Pendleton Port is the gateway to the Wild West history of Pendleton in Northeastern Oregon. The Confederated Tribes of the Umatilla Nation makes up most of the town’s residents. They include the Wallowas, Umatillas and Cayuses.
The town is internationally known for its Pendleton Woolen Mills; it has been distributing tapestries and locally made blankets worldwide since 1909. Pendleton is also home to one of America’s oldest and largest rodeos, the Pendleton Roundup. Stepping in to the Pendleton cruise port is like going back in time through a virtual time machine.
Aside from the colorful blankets, you can also shop for clothes made of wool at the Pendleton Woolen Mills. Since you are buying directly from the source, huge discounts typically apply. They are located at Southeast Court Plaza.
Roasted green coffee beans are sold at the family-owned Zollman’s Dark Canyon Coffee Roasters in South Main Street. On the same street is a unique gift shop, Clough’s on Main. They specialize in handcrafted wood items and rare collectibles.
If you want to go antique shopping, you can drop by at Airport Antiques and the Furniture Lady. They are situated at Northwest Street. The Anita Goudeau Designs specializes in Christian-inspired jewelry; perfect for gifts and souvenirs.
Things to See
You can take a tour inside the Woolen Mills. Headsets are provided to visitors as they are shown how the blankets are woven; using spinning machines and automatic looms.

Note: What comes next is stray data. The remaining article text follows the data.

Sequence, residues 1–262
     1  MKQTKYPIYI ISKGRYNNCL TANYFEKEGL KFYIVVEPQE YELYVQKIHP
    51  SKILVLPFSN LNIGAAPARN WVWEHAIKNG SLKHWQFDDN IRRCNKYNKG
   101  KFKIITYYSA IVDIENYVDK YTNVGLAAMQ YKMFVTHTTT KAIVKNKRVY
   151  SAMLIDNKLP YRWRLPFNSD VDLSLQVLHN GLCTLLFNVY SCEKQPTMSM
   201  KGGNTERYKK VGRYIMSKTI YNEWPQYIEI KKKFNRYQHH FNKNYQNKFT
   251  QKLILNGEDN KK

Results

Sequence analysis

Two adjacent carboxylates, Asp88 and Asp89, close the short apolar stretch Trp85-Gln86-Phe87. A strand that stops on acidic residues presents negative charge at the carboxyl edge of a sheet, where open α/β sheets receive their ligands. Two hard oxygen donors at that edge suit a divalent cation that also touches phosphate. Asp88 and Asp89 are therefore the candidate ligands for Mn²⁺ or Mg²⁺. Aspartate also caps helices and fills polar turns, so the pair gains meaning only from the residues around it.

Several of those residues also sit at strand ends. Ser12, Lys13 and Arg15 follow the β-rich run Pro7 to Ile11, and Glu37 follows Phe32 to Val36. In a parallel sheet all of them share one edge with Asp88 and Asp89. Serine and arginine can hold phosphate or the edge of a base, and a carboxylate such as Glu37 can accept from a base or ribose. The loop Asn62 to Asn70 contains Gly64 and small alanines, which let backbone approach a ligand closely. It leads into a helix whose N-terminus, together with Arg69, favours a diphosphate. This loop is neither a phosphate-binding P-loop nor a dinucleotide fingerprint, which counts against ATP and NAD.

A tour to Pendleton’s underground tunnels will take you back to the historic time of opium dens. The Underground Tours Office is located between First Street and Emigrant Avenue. The tunnels were dug by the Chinese during the 1870s and cover around 70 miles of the town center. Most of the tunnels are now restored for tourism purposes. Businesses that used to thrive underground included ice companies, bordellos, illegal saloons, opium dens and butcher shops.
The Wildhorse Resort and Casino is the highest paying casino in the region and features around 650 slot machines, an RV park and restaurants. Stories of the 3 plateau tribes in town can be found at the Tamastslikt Cultural Institute. They have several exhibits related to the tribes’ history and also sell items made by the tribe members. A working railroad telegraph system is displayed at the Umatilla County Historical Society Museum.
You can also visit the Round-up Hall of Fame at the Rodeo Grounds. Read through the Roundup’s history, significant people and learn some cowboy stuff.
Restaurants and Bars
One of the locally-operated restaurants in the area is Main Street Diner. They serve dishes the 1950s way. Their ice cream milk shakes are a must-try. The Golden Fountain Restaurant serves the best Chinese food in town. A favorite among the locals is their chicken fried rice. Mouthwatering meals like the crab Alfredo and homemade salad dressing are served at Cimmiyotti’s, also located in Main Street.
The Frontier Tavern on Southwest Street is the usual hangout for locals and visitors who want to grab a night cap.